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I can’t wait to explore Kolkata, says Giulia Raffaello, aka YouTube’s Only One Giulia

From ‘baingan ka bharta’ to ‘Shava Shava’, Giulia opens up on her love for India and her life as an intercultural influencer

Priyam Marik | Published 02.03.22, 01:56 PM
Giulia Raffaello is a shining example of a content creator at the intersection of globalised cultures and a fast-developing digital space

Giulia Raffaello is a shining example of a content creator at the intersection of globalised cultures and a fast-developing digital space

Courtesy: Giulia Raffaello

“An Italian with an Indian in Germany, you guess the mess” – that’s how Giulia Raffaello describes herself on her YouTube channel Only One Giulia.

With more than 3,00,000 subscribers on YouTube and over 86,000 followers on Instagram, Giulia is a shining example of a successful content creator at the intersection of globalised cultures and a rapidly developing digital space.


Born and brought up in the northern Italian city of Padua, Giulia is based in Berlin along with her Indian husband Shreyans Jain, with whom she develops most of her vlogging content. With an academic background in political science and organisational leadership and the ability to speak six languages, being a viral YouTuber was not an automatic choice for Giulia.

“I was working in a tech job in Berlin when I made my first few videos for my company. They did rather well and I enjoyed making them, too. I’ve always been a performer throughout my life, be it singing, dancing or even doing improv theatre. But I had no plans to be a YouTuber,” says Giulia from her residence in Italy where she is on her spring vacation.

Giulia in Varanasi, a city that left an indelible impression on her

Giulia in Varanasi, a city that left an indelible impression on her

Courtesy: Giulia Raffaello

‘You were born ready’

It was Shreyans or Shrey (as Giulia calls him) who convinced Giulia to take the plunge into content creation. After seeing her effortless charm on screen, Shrey volunteered to purchase all the equipment – cameras, lights and microphones – and told a reluctant Giulia that “you were born ready”.

Starting in December 2018, Giulia’s first few skits involved slice of life or humorous videos on her relationship with her Indian partner, before the content became more regular, diverse and far more spontaneous.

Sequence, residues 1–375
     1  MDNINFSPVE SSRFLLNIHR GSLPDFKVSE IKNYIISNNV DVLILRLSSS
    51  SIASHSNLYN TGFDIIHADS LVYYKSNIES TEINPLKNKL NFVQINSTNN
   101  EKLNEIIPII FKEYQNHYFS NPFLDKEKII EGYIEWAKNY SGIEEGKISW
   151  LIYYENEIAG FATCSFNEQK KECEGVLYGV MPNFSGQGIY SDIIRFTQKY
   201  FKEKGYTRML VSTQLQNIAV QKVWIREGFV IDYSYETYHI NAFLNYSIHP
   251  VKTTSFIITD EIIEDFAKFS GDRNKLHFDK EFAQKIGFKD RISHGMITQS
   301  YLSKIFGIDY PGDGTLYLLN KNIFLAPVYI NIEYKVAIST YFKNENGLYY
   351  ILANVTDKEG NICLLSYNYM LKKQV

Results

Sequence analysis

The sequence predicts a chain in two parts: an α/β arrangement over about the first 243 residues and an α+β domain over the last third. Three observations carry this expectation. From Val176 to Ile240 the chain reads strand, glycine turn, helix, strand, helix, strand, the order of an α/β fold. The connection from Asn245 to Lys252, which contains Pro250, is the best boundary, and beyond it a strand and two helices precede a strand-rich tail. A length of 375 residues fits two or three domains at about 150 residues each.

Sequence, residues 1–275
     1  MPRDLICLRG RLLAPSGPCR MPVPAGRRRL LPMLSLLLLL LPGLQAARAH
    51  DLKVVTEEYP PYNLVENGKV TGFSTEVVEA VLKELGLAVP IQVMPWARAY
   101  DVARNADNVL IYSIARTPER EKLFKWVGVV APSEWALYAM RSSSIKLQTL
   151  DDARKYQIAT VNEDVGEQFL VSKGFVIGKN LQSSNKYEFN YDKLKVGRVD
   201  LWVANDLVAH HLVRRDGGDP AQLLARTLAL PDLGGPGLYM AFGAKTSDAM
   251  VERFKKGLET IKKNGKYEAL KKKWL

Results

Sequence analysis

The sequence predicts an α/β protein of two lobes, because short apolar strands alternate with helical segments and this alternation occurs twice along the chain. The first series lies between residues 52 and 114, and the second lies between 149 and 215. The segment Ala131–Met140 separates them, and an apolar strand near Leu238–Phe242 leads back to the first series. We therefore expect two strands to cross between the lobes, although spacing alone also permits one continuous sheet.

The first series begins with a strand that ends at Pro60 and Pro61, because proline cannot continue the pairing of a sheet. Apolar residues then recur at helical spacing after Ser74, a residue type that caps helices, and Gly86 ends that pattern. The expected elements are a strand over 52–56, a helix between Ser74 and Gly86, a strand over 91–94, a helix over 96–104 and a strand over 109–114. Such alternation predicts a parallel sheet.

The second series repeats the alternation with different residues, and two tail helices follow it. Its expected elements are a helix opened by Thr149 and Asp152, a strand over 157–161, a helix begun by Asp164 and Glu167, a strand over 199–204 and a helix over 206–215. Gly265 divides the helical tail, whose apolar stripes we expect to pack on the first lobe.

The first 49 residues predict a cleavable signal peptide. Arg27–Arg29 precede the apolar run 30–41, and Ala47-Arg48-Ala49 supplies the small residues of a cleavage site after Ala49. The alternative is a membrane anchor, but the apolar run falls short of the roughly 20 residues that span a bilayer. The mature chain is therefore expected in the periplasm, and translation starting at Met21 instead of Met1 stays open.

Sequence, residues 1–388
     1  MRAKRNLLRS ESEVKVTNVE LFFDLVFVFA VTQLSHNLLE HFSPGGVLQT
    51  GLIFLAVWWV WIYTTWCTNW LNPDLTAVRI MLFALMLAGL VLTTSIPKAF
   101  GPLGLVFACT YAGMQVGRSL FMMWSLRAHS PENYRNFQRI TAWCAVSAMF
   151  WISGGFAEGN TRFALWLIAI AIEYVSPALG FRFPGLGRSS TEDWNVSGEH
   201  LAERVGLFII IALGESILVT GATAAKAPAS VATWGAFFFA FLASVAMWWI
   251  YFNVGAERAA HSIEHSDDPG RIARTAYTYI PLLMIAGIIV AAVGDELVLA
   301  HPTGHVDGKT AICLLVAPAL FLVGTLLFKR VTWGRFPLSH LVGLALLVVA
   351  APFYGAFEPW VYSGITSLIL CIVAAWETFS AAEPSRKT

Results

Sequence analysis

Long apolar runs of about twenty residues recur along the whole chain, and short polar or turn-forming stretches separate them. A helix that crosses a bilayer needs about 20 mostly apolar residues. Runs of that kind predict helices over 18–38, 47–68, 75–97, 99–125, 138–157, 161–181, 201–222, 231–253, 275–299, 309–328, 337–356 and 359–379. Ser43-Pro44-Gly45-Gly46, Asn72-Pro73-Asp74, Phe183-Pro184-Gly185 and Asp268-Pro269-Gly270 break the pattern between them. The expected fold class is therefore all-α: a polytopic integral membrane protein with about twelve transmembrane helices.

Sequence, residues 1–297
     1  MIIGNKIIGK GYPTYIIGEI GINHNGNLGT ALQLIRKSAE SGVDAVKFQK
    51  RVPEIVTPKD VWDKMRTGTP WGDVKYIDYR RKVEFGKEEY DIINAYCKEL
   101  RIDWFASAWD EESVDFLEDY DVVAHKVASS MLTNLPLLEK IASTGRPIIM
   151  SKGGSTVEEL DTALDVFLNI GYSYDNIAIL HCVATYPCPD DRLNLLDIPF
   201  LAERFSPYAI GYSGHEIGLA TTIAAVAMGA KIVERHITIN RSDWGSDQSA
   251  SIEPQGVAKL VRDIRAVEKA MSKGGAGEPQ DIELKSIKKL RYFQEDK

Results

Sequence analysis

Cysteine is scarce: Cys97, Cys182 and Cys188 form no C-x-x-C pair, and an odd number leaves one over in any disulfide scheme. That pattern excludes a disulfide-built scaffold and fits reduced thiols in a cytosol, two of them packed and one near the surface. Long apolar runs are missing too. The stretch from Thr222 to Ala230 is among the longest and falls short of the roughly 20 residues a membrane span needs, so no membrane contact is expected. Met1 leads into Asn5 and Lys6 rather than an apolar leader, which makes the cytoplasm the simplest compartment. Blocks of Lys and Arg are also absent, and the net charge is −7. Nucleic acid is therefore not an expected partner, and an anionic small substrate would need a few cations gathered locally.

“We suddenly realised that this thing was becoming big! So we needed to do it properly with more attention. At the same time, we wanted to be as authentic as possible when filming, which is why the content became more about us and our lives and less about doing sketches,” describes Giulia.

When Only One Giulia began, it was one of only three YouTube channels to document intercultural relationships involving an Indian and the solitary one in which the other partner was a European. Giulia had found her niche, but that did not stop her from experimenting.

“We’re always trying to keep things fresh. Sometimes it leads to creative exhaustion, but it’s all worth it when we receive the love and admiration of our followers,” smiles Giulia.

From the best south Indian food in Germany to Giulia’s Italian parents tasting paani puri, from Indian thalis in Italy to compilations of international YouTubers and their stories of India, Only One Giulia is a melting pot of cultures, people and ideas, all infused with Giulia’s bubbly personality and subtle but infectious sense of humour.

From a blind date in Berlin to a wedding in Denmark

The primary focus of the channel, however, remains the bond between Giulia and Shrey, who were each other’s first blind date in Berlin. “We met through this dating app called OkCupid (also the first brand they collaborated with once the channel was born) and spent six hours chatting over coffee in a park in Berlin. That’s when I knew that this was something deeper…. We were both vegetarians and we connected in terms of our views on meditation and spirituality. Everything happened organically,” explains Giulia.

The organic nature of their romance is evident in the content they create together. Non-stop banter, a fascination for understanding the Indian and Italian cultures and an understated yet powerful sense of empathy mean that the couple and their displays of affection never cross over into strained affectation.

Both their families, though initially surprised, have been extremely supportive and encouraging of their relationship, which was all set to mature into marriage when Covid-19 struck. “After waiting it out for months, we finally decided to have it in Denmark,” narrates Giulia.

But why Denmark? Because “the bureaucratic challenges were proving too much in Berlin. Documentation was taking too long, especially for Shrey, even though he has permanent residency in Germany. One of my friends told me to get in touch with this Danish agency instead and they promised to get us married in three weeks. I couldn’t believe it. Three weeks! Was this going to be a Vegas wedding or something?!”

Eventually, the picturesque wedding went off seamlessly in Denmark, with the special video capturing the precious moments fetching hundreds of thousands of views on YouTube. The couple also plan on having Indian and Italian themed weddings in the time to come, with the common feature in both celebrations being Bollywood music.